They always say that 'close' only counts in horsehoes and hand grenades, but when you're talking about spending millions in new car development and tooling up for production, close really doesn't count. Some of these great concept cars influenced the industry for years after their appearance. These cars never happened, or at least they never made it into full-scale production. When you look closer at them and consider what was going on around them at the time, you start to understand more about why they didn't make it and more interestingly, you start to see the butterfly effects of what might have happened if they did make it. Concept cars are the life blood of the industry, exercising trends, styles, engineering and even names, running from sketches all the way through to public displays. In the good ol' days, a well received car, might just hop into the fast track to production. These days the stakes are higher than ever. So too are the considerations, with safety and global applications muddying up the process. Sure, every now and then a car sneaks through, but these days the process is far more complicated and maybe in a backhanded way, less creative and exciting. Why would we suggest that today's wild 3D models of hopeful designs might be boring? Take a look at these beauties and think about all of the things that would have been changed forever had they been produced. Concept cars were never as influential as they were in the 1950s and 1960s. Enjoy Ten Cars that never happened, but totally should have.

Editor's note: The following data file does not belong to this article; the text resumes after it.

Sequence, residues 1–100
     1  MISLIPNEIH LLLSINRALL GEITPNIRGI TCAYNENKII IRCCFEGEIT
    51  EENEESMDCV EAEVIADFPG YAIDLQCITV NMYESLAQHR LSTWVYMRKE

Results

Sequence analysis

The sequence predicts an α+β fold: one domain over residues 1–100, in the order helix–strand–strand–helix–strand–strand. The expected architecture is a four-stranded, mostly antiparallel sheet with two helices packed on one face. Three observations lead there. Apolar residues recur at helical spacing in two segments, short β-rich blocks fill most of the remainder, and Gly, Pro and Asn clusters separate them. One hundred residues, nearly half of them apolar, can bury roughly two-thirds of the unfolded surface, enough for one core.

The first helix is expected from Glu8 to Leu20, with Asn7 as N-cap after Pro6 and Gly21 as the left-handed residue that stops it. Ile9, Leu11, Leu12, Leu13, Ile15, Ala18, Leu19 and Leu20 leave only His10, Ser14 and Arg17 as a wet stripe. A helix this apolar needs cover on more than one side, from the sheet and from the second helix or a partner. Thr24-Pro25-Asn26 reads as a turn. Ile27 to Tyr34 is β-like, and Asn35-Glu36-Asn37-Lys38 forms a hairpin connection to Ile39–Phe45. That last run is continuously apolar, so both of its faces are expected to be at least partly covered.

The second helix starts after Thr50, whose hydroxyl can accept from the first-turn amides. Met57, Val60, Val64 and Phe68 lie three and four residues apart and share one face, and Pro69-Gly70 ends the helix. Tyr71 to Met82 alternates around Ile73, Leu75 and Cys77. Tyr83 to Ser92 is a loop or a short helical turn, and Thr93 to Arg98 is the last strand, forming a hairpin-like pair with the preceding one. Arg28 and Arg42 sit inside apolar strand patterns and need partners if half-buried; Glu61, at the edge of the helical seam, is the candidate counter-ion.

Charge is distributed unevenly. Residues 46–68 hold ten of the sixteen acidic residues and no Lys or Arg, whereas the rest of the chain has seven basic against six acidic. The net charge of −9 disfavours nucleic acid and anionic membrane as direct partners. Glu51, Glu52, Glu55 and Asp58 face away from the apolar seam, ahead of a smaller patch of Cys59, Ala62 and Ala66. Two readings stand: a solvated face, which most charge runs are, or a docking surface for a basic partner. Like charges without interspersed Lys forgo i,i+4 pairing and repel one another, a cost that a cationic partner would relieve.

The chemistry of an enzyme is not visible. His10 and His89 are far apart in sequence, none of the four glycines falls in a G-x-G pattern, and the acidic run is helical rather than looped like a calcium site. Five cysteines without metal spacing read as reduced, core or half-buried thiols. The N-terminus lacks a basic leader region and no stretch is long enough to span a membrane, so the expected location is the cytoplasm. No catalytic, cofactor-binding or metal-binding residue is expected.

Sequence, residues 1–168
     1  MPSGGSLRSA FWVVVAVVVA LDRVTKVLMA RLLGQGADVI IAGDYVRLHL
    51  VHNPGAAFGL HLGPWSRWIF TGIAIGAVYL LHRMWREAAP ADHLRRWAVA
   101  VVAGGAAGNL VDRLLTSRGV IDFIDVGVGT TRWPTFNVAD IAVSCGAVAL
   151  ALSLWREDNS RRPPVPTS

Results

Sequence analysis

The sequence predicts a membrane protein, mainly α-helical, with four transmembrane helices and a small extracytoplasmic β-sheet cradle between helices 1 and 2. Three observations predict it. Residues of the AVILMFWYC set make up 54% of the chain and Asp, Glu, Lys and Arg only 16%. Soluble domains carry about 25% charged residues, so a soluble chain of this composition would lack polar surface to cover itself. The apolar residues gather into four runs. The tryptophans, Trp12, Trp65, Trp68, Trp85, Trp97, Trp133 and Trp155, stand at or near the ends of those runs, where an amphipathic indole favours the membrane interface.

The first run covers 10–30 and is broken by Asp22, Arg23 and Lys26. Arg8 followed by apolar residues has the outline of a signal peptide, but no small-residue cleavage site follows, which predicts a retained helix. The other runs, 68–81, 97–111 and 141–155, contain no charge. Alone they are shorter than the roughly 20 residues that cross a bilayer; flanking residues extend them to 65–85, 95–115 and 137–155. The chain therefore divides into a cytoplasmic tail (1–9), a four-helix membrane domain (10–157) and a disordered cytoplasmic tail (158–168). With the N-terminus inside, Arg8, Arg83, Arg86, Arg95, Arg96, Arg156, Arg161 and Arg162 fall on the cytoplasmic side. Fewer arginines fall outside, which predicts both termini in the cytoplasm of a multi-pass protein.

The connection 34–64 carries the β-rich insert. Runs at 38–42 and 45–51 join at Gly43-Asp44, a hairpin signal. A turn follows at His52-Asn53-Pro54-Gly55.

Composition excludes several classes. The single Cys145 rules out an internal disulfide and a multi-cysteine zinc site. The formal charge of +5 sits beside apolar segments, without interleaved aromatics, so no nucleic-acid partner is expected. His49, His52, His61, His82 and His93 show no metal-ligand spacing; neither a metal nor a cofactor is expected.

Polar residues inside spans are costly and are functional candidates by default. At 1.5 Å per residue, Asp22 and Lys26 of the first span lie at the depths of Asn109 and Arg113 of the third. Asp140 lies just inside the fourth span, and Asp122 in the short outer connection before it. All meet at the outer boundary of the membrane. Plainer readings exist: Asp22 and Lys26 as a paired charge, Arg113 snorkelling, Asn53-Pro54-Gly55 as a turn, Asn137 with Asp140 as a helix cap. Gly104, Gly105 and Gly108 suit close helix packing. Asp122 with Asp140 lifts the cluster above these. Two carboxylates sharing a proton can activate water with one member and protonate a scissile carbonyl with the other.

1951 Buick XP-300 concept